Exploring Northumberland – hills and castles!

I may be a little biased as I have lived in Northern England all my life, but I have truly enjoyed researching holidays for McKinlay Kidd on my own stomping ground. I thought I knew my home area fairly well but have made some amazing discoveries and continue to be very impressed with the quality of accommodation and experiences on offer. The overriding feeling from all of my encounters in Northumberland has been the friendliness of the people I have met, who are all so passionate about their surroundings and all they have to offer.

Being Northumbrian by birth, I have always adored the dramatic countryside, the stark contrasts, the often wild weather and the endless opportunities for a good walk, safe in the knowledge that you won’t bump into many people! Whatever the time of year you will find a spot you can call your own, perhaps to enjoy a peaceful picnic with a superb view, interrupted only by birdsong.

In the north-west, the Cheviot Hills offer an inviting wilderness of hidden valleys, waterfalls, endless heather moorland and copious remains of Bronze Age activity, with hill forts, standing stones and cup and ring marked carvings scattered throughout the area. You really can get away from it all in the most sparsely populated of all the English counties. Pack waterproofs and sunglasses and prepare to enjoy four seasons in one day. If you prefer to enjoy the great outdoors from the comfort of your car then North Northumberland’s roads offer fantastic drives, criss-crossing the county with superb views in all directions. The roads are incredibly quiet and a joy to explore. I discovered some routes I had never been on before and loved seeing the new views of the hills from different directions. There are plenty of great pubs for lunch, too.

Northumberland has more castles than any other county with over 70 sites; I must have visited nearly all of them. Being the most northerly county of England the area was continually fought over by the ruling powers of England and Scotland, resulting in grand fortifications as Bamburgh and Alnwick, which remain intact and still lived in today. My favourite castle is the ruin of Dunstanburgh, dramatically perched on a headland overlooking Embleton Bay. There’s an easy walk from Craster village along the foreshore (and back to enjoy a crab sandwich in the pub for lunch) or continue to Embleton and Newton further north for a proper hike. The views are incredible from both directions. A close second favourite of mine is Warkworth, a solid structure towering above the delightful village of the same name, on a bend in the River Coquet, one mile inland from the sea.  It’s a ruin but a substantial one, accessed by a drawbridge and surrounded by a moat.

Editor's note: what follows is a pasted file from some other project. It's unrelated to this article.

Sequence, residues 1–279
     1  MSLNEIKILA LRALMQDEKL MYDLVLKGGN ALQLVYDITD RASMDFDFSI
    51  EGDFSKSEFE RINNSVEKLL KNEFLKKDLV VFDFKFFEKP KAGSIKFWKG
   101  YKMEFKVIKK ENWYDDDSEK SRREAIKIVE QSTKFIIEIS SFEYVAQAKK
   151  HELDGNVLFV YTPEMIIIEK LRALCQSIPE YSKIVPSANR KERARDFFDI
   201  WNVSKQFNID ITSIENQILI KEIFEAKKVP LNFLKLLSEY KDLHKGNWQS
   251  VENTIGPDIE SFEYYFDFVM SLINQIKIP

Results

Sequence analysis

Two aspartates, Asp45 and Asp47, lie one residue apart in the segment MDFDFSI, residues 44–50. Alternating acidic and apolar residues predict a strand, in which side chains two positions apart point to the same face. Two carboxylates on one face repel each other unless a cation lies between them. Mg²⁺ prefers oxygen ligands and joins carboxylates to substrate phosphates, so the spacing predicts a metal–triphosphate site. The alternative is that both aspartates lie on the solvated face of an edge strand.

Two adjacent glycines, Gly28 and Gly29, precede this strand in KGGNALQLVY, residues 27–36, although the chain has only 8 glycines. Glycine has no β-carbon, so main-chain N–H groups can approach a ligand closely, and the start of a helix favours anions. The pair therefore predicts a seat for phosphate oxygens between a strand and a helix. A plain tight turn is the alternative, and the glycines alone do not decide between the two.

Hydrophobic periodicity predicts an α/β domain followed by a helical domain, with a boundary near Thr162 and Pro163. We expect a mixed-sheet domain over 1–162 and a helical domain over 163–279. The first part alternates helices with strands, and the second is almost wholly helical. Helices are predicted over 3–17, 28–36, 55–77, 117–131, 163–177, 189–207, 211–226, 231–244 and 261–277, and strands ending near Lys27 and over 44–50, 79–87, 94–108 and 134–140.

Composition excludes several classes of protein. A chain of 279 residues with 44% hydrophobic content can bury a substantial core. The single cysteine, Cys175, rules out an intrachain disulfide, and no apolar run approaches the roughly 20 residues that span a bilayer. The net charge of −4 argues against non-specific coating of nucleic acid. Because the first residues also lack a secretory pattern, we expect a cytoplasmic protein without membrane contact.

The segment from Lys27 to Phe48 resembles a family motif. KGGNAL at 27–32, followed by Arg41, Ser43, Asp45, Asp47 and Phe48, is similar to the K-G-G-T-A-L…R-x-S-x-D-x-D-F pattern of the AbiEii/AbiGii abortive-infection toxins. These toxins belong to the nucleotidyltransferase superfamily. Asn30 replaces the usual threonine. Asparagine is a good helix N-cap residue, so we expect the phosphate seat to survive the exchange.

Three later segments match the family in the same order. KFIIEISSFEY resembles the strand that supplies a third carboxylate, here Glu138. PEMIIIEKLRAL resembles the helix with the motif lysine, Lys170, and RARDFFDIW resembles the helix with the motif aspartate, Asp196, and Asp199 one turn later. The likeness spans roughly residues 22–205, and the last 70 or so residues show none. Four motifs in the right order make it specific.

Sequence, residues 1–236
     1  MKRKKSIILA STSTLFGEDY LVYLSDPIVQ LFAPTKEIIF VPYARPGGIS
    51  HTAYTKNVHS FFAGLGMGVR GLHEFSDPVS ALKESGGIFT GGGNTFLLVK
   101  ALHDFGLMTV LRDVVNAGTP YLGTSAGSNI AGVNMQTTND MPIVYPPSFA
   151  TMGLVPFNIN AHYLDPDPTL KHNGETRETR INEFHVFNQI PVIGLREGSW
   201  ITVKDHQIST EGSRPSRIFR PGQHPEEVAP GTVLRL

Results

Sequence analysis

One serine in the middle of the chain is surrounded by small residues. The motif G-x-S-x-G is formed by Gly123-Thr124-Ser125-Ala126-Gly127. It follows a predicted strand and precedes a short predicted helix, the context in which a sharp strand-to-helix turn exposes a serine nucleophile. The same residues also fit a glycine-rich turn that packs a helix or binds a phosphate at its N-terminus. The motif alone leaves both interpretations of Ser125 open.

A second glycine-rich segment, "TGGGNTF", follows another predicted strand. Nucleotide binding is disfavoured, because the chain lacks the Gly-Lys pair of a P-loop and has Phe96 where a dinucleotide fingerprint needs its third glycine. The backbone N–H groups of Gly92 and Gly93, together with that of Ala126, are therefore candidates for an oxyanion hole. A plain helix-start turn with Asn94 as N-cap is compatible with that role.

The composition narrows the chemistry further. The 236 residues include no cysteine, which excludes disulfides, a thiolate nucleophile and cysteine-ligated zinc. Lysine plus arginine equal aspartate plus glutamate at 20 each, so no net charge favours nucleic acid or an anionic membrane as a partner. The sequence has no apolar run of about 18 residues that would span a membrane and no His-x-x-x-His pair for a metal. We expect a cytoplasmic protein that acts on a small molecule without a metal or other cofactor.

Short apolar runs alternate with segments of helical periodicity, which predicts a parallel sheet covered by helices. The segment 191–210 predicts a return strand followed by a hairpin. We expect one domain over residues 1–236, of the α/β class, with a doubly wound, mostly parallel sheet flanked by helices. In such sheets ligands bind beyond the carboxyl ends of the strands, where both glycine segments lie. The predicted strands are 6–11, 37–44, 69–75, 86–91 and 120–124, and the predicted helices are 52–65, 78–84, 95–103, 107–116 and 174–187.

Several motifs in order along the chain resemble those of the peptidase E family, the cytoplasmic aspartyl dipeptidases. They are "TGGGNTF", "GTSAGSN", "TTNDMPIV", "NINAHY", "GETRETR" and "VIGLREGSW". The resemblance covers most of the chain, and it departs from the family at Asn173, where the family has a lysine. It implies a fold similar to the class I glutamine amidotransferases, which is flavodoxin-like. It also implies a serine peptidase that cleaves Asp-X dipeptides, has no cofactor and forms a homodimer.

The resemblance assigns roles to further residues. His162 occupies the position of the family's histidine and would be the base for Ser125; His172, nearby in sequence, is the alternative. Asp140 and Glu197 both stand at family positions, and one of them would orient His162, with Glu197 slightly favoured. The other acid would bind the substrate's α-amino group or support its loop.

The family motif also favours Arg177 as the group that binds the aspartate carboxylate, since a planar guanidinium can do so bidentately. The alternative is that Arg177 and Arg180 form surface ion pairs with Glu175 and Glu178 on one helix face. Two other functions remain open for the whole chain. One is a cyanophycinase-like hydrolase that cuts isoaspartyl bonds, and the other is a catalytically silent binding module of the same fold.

As well as the royal castles, the locals certainly added to the battle-torn countryside of Northumberland with many fortified houses and peel towers to guard against raids from each other. The Border Reivers from both England and Scotland scraped a living from the land from the 13th to 17th centuries: there was a certain amount of lawlessness and basically it was survival of the fittest. There are numerous ruins and dozens of stories from this era. One saying I remember on reading about a quarrel over sheep rustling which resulted in a murder was “his heid span alang the heather like an inion”. Fortunately, such tough times are well behind us!

by Anna Skelton, who has been helping us plan and prepare our new programme of holidays to the North of England.

 

The Spirit of Scotland

Yesterday I attended the launch of VisitScotland’s new marketing campaign – the Spirit of Scotland.  The national tourist board have produced a series of impressive short films designed to bring this rather intangible concept to life, with portraits of real people, who encapsulate the values of #ScotSpirit: warmth, guts, humour, determination, soul, spark, fun.